A regulated authority for deep seabed mining has been years in the making. In a radical departure from the tradition of open access and freedom of the high seas, the 1982 United Nations Convention on the Law of the Sea (UNCLOS) declared the seabed area beyond national jurisdictions and its mineral resources as the ‘common heritage of mankind’, to be administered for the benefit of mankind as a whole. All mineral exploration and exploitation activities had to be sponsored by a state party to UNCLOS and approved by the ISA. In its 20 years of existence, ISA has adopted regulations and guidance for exploration activities for all the three mineral resources so far known on deep seabed mining. In 2013, it commenced the development of regulations to govern the future exploitation of seabed minerals, starting with polymetallic nodules.

UN Convention on the Law of the Sea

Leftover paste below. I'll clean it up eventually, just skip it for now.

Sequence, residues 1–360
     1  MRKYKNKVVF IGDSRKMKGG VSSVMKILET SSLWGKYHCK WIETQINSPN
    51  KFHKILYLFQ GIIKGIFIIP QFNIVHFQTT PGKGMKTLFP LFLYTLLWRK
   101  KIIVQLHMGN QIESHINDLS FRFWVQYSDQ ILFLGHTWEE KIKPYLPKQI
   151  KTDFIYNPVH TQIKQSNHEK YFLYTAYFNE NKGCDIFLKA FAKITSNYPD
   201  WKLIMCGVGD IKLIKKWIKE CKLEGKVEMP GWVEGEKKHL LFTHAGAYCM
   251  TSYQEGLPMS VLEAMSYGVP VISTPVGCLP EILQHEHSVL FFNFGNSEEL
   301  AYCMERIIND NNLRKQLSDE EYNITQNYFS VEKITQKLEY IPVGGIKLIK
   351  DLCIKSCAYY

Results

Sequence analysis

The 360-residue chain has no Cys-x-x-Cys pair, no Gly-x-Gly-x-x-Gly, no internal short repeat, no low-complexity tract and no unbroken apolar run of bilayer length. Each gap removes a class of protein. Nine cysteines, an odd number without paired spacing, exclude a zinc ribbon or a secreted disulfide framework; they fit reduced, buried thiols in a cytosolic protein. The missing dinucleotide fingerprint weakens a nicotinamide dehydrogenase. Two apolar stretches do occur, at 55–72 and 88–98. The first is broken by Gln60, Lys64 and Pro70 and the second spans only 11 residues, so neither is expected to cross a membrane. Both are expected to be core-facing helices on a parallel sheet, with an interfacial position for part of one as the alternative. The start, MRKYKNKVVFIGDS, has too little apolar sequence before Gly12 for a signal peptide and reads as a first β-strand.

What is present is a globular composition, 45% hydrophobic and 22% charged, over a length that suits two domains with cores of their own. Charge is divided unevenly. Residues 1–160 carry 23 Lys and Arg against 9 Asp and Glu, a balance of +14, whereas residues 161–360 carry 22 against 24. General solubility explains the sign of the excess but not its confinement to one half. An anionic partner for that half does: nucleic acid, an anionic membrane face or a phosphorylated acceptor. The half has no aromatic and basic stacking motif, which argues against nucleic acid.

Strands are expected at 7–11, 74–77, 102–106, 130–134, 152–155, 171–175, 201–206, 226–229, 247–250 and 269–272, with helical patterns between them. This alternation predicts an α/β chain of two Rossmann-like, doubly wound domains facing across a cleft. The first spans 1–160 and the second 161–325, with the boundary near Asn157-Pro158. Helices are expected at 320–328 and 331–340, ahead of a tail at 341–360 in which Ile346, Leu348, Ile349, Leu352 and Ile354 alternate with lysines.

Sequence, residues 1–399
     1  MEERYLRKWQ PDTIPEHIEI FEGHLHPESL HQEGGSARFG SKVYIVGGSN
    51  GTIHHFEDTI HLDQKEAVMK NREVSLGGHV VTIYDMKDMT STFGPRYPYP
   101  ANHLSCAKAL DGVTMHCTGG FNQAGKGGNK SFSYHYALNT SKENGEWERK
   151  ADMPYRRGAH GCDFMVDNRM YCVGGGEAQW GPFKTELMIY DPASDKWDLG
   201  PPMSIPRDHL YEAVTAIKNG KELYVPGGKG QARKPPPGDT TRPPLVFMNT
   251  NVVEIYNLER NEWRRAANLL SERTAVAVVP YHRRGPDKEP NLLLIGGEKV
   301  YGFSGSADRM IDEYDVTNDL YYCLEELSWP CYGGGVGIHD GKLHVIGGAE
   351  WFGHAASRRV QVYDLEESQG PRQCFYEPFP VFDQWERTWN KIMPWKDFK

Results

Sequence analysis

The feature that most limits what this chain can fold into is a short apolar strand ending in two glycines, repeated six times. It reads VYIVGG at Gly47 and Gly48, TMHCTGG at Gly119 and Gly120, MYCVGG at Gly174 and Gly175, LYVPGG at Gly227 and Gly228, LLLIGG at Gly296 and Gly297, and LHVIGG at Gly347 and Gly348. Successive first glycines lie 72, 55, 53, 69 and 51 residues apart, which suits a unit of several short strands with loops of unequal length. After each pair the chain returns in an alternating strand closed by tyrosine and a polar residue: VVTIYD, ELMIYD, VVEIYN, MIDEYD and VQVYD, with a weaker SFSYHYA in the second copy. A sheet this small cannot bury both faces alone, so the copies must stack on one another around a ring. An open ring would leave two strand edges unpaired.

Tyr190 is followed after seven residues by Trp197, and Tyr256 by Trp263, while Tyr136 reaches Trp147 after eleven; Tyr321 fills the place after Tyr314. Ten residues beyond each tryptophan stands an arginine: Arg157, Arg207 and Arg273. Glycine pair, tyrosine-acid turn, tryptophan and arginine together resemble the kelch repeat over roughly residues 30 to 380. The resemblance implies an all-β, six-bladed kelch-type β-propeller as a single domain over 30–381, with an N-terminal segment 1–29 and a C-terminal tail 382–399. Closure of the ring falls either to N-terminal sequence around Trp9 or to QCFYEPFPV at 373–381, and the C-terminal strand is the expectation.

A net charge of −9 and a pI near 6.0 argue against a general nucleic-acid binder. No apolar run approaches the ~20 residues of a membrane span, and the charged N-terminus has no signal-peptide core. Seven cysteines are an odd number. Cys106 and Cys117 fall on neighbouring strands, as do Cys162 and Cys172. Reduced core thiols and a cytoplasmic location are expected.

UNCLOS in Part XI, together with its 1994 Implementation Agreement relating to Part XI, sets forth the international legal framework for activities related to deep seabed mining and marine scientific research.

The guiding principle of the common heritage of mankind is manifested in many ways:

  • all rights in the resources of the area are vested in mankind as a whole;
  • no state or natural or juridical persons can claim, acquire or exercise rights in connection to resources in the area except in accordance with Part XI;
  • all mining and any minerals recovered may only be alienated in accordance with UNCLOS and the rules adopted by the Authority;
  • states are required to ensure that they exercise ‘effective control’ over any activities by their state enterprises and other natural or juridical persons they sponsor;
  • activities in the area, including marine scientific research, are to be carried out for the benefit of mankind as a whole; and
  • financial and other economic benefits from seabed mining are subject to equitable sharing under rules to be developed by the Authority (UNCLOS Articles 133-143).